NEW ORLEANS — When she still had her baby teeth, the old folks warned Selina Pritchett never to go over the wall. It stood tall and gray and sturdy across the street from the cozy little house her grandfather built. It seemed like it ran forever in both directions.
She always wondered what was on the other side. When she got big enough to climb, and when no one was looking, she struggled her way up and over and saw what it was they didn't want her to see.
On Tuesday afternoon, as Hurricane Isaac pressed into New Orleans, bringing huge gusts of wind and driving diagonal rain, Selina Pritchett, 23, now with a baby of her own, looked at the wall and wondered what was happening on the other side.
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In the Lower Ninth Ward, one of the lowest-lying neighborhoods in New Orleans, which geographer Peirce Lewis called an "inevitable city on an impossible site," the water is held back by a series of levees. And on the western edge, along Jourdan Avenue, where Selina Pritchett was born and raised, the Industrial Canal levee was the dividing line between wet and dry. Until it wasn't.
Seven years ago today, Hurricane Katrina slammed into New Orleans and that wall Pritchett climbed breached in two places.
The water rushed into the bathtub, flooding homes and drowning some of those who stayed behind, and it deposited a barge atop the house Pritchett's grandfather built after Hurricane Betsy, one of 4,000 Lower-Ninth homes destroyed.
She watched it happen on television in Greenville, Miss., where she had fled in a '99 Nissan minivan with three dogs, her aunt, her daddy, her pregnant cousin and three children.
"That moment, it felt like every memory that you had, whether it was of your favorite toothbrush or a speck of dust you were supposed to clean, it was gone. It was crumbled," she said. "Everything your grandparents had worked for, everything your parents had worked for, your history … gone."
The family stayed with a Good Samaritan, a woman they call Miss Ann. She made them feel at home. But outside New Orleans, things were different.
"I never knew how broke we actually were until we moved away and realized that people didn't play outside," Pritchett said. "We always played outside."
They came back to the neighborhood at the end of September, when the water had retreated and the bodies had been pulled from houses. Nothing was left, not her doll house or her baby blanket, not the quilt made from patches of her ancestors' clothes.
"You couldn't tell which street you were on, where you were at," she said. "Even if you knew the place like the back of your hand."
In the intervening years, everything changed. In a place where you knew your neighbors, many didn't return. Officials repaired the levee but left the 2.25-square-mile neighborhood in a sort of limbo, questioning whether a smaller post-Katrina population justified rebuilding in flood-prone neighborhoods.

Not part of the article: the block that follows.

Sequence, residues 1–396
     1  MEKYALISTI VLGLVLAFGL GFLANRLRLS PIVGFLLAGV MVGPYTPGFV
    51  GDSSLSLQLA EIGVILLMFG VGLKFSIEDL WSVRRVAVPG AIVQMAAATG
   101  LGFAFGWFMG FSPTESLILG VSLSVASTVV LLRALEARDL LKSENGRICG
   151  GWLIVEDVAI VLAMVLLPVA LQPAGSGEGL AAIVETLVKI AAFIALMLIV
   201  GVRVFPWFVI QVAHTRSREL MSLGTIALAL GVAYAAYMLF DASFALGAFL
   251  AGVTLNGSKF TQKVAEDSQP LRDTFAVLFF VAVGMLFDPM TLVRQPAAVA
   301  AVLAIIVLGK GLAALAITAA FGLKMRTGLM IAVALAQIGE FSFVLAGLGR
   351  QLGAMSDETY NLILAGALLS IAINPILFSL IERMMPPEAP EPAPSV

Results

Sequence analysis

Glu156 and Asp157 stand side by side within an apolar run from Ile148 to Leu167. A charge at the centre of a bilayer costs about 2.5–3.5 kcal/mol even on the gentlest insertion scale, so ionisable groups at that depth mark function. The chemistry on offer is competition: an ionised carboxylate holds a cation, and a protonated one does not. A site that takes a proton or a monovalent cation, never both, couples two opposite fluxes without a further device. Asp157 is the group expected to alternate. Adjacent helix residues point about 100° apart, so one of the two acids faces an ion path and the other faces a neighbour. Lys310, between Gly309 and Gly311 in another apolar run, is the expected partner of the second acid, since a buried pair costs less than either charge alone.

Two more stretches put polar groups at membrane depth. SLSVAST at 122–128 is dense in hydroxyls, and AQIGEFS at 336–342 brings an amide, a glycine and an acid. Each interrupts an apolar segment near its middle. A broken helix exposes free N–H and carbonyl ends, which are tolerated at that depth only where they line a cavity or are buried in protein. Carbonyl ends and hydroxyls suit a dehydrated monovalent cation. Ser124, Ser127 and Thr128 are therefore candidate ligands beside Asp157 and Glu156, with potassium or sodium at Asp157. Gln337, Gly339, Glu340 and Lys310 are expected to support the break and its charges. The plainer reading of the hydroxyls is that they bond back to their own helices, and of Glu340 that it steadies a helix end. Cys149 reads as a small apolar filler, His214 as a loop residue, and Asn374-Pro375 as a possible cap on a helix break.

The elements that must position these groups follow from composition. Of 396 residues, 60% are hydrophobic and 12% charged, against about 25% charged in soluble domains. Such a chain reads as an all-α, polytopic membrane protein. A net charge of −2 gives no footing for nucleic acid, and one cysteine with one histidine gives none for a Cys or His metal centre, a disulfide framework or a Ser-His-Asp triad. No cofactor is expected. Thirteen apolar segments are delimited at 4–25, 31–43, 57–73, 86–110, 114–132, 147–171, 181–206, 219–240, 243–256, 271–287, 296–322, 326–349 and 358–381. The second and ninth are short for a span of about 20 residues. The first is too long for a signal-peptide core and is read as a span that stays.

Two years after Katrina, Brad Pitt came to town. He toured the city and promised residents he would help. He founded an organization called Make It Right which began building safe, green homes. One went up at 1815 Jourdan Avenue, atop the patch where Selina Pritchett's family lived. The home sits on tall concrete stilts. For Pritchett, between the floor and the ground there exists a sense of safety.
The new homes seem out of place here, among vacant and dilapidated houses. And the abandoned plots between them have become a kind of wilderness where weeds grow six feet high in the fertile soil along the banks of the Mississippi, hiding everything from tires to burned-out cars to criminal activity.
To make matters worse, tour operators began running buses through the Lower Ninth Ward. It's not unusual for camera-wielding tourists to roll through and snap photographs of Pritchett sitting on her new front porch or hauling groceries out of the car.
"It made you feel like you were an animal in a zoo," Pritchett said.
But she can't bring herself to leave. Hurricane Betsy didn't chase them off. Hurricane Katrina didn't either. This is the only place she knows.
"If I have to restart, I'd rather do it here," she said, "where my history is."
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As Hurricane Isaac encroached, some of her neighbors left. Others decided to stay. Pritchett covered windows with a protective tarp and packed a bag, in case. There was still time, she told herself.
"I'm not going to say it can't get bad, because it can," she said. "But if it gets bad, I have common sense enough to leave."
She watched Scooby-Doo on television, flicking back occasionally to catch updates on the weather. The meteorologists were saying that the Category 1 hurricane was bringing heavy rain and high winds and a storm surge, and that people in low-lying areas should seek higher ground.
Ben Montgomery can be reached at email@example.com or (727) 893-8650.